President Emmerson Mnangagwa played into the hearts of local artists in Bulawayo, Saturday, by acceding to most of their demands and assuring them that their grievances would be addressed.
Some of their grievances included reducing artists’ fees, asking for diplomatic passports, declaring Bulawayo the country’s cultural hub among other demands.
This was Mnangagwa’s first time to engage Bulawayo artists – under the Cultural Creative Industry (CCI) umbrella body – since he took over power and took opportunity to officially launch the National Arts, Culture and Heritage Policy.
The policy is informed by the need “to reinforce the country’s identity, embrace its culture as well as celebrate the diversity of its people in the context of fast global world order, with a view to safeguard Zimbabwean cultural heritage in the 21st century.”
After listening to the artists present their ‘clearly’ thought out issues, President Mnangagwa said he was extremely impressed with the “clarity and focus” on what they want done.
“I don’t know why you waited all this time to have your voice heard, nonetheless now that you have spoken we probably are going to listen. I am happy that the Minister of Finance (Professor Mthuli Ncube) is present.”
Earlier, Prof Mthuli Ncube indicated he was going to include the artists’ requests into the 2020 National Budget before it went to Parliament.
Mnangagwa continued: “You have talked about red tape in government where invited artists from outside the country, spend a minimum of a week in Harare moving from one office to another. That I think should be put to rest,” he said to applause.
“I think we should have a desk in (Kirsy) Coventry’s ministry where if you come there, they do everything for you whilst you are having tea.”
Coventry is Minister of Sport, Arts and Culture.
Mnangagwa also granted diplomatic passports for artists but told them “to refine who in the industry would qualify for one.”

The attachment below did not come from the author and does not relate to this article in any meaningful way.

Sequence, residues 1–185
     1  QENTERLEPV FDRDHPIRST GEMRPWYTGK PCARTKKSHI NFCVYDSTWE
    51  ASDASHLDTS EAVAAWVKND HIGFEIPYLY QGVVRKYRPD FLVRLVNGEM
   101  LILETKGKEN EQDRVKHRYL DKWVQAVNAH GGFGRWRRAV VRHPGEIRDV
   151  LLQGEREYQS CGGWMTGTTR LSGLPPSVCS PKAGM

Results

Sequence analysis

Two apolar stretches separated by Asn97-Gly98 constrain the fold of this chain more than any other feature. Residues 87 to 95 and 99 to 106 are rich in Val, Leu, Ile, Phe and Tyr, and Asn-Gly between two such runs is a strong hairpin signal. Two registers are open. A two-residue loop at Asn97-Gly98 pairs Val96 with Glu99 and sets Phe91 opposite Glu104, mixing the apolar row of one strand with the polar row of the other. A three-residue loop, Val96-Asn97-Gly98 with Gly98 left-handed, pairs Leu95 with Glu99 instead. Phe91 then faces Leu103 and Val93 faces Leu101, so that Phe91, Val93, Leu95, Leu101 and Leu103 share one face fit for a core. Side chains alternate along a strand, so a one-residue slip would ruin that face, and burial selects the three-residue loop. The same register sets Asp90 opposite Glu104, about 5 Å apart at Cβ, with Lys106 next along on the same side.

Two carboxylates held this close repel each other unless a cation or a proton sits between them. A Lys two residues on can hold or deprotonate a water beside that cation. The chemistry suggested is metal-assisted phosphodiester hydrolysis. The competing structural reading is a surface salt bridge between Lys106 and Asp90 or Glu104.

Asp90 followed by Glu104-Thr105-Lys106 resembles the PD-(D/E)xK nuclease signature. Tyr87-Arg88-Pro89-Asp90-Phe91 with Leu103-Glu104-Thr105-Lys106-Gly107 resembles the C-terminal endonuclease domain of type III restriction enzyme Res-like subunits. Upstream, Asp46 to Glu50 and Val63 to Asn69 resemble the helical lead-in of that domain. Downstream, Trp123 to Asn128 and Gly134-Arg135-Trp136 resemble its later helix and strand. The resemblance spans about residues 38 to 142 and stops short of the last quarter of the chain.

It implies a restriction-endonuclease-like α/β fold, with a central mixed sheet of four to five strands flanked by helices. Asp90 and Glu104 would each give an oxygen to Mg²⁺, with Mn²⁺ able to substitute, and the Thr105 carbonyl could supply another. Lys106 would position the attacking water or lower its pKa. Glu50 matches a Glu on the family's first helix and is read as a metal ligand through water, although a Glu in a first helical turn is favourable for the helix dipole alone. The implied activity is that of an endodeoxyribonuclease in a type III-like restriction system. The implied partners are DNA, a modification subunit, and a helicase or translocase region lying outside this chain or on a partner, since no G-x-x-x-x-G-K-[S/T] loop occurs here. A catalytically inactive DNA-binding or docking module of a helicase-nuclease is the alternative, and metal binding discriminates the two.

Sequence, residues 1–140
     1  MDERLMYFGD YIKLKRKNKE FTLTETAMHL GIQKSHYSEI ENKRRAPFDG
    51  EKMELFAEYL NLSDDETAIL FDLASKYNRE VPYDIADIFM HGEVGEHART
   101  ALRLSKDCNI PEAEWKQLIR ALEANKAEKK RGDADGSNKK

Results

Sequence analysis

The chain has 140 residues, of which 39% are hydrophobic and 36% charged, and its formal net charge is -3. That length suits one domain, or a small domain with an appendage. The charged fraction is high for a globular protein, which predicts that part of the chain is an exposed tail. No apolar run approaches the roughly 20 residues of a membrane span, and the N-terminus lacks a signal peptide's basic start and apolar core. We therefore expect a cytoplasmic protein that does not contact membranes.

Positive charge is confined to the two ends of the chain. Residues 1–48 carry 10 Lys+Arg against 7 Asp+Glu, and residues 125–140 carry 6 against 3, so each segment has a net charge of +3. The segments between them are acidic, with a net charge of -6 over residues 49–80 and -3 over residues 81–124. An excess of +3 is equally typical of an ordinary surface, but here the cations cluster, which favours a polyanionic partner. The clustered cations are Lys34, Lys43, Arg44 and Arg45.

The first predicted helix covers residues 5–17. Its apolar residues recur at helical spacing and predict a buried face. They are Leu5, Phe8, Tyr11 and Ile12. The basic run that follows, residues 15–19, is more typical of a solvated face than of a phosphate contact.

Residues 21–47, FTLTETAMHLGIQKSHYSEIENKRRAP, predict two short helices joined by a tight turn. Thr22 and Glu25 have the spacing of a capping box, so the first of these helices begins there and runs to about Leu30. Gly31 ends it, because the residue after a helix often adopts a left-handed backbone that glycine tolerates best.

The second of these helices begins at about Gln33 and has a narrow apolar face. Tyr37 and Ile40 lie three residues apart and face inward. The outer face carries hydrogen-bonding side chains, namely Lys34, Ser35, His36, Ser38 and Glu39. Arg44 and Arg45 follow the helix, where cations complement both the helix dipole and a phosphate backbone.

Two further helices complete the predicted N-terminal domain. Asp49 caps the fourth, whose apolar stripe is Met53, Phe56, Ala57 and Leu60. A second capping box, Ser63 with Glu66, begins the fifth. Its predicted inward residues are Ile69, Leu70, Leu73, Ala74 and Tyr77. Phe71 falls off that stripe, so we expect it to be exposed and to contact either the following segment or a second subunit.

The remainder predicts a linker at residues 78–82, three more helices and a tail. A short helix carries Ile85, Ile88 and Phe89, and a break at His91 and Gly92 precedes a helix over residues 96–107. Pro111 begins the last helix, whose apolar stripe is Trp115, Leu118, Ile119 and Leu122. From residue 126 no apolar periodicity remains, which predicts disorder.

Artists had raised an issue of stolen artifacts, of which the president said they must provide correct information while their parent ministry must compile a list and involve the Ministry of Justice and Foreign Affairs to retrieve these back into the country.
“With regards to a 75 percent local content policy, the Broadcasting Services Authority is clear so this is question of enforcement by Information, Publicity and Broadcasting Services Minister , Monica Mutsvangwa (who was also present),” Mnangagwa said.
He added that he informed Mutsvangwa to settle the artists’ royalty fees owed by the state broadcaster.
“Mutsvangwa said under her leadership, they had reduced debt from a million to $600 000. Before year end this must be settled.”
In his speech, Mnangagwa disclosed the arts sector accounts of two percent of people in formal employment, of which his government would support artists who export their art and claimed the finance minister would be “happy to do this because it could earn him hard currency.”
“This industry can and does earn foreign currency for the fiscus. I’m told some of our pieces sell for more than US$20 000 abroad but all these talented Zimbabweans are not supported by government.”
Mnangagwa confirmed he supported calls to create a chamber for CCI as it was necessary.
“I have no doubt artists deserve a chamber to discuss and look at the relevant legislation to support your sector. The chamber could also be a platform for lobbying for your interests of sector. It, however, must go through Ministry of Industry so approach Dr Sekai Nzenza (the minister), we will make sure she is informed about this decision,” he noted.
The president told artists to create innovation hubs for their industry, where they could be recognised and solve challenges of certification or qualification.
“I have no problem in persuading the finance minister to support that. As for social protection – I’m not clear what you meant but in government when we talk of that we speak of the vulnerable disadvantaged members of our community. I am not sure what you have in mind, maybe your ministry can work around this and present your case to cabinet,” he said.
Mnangagwa acceded to Bulawayo crowned the cultural hub of the country and said headquarters should be established locally once the arts ministry made recommendations to government
He gave his nod to proposals to hold a cultural festival in Bulawayo as well.
“Go ahead, certain countries such as France and Brazil have these and I think we need them too,” he said.
The president said culture and arts were the bedrock of social cohesion, where love and harmony could be built in an unitary state.
“I challenge everyone in the country especially all those in public sector service to learn more local languages and be able to serve people more effectively. Embrace diversity of cultures, irrespective of ethnic origin, colour or creed, as this is critical for our Ubuntu.”
On artists’ fees, Mnangawa noted the door to lobby for a reduction was open as in his view high fees discouraged artists to come in Zimbabwe.
He also said artists could push for an amendment to review up piracy sentences, as it remains the greatest threat to the creative economy.
“The law criminalises piracy but the sentence is about two years yet if one steals livestock, they are jailed for nine years.”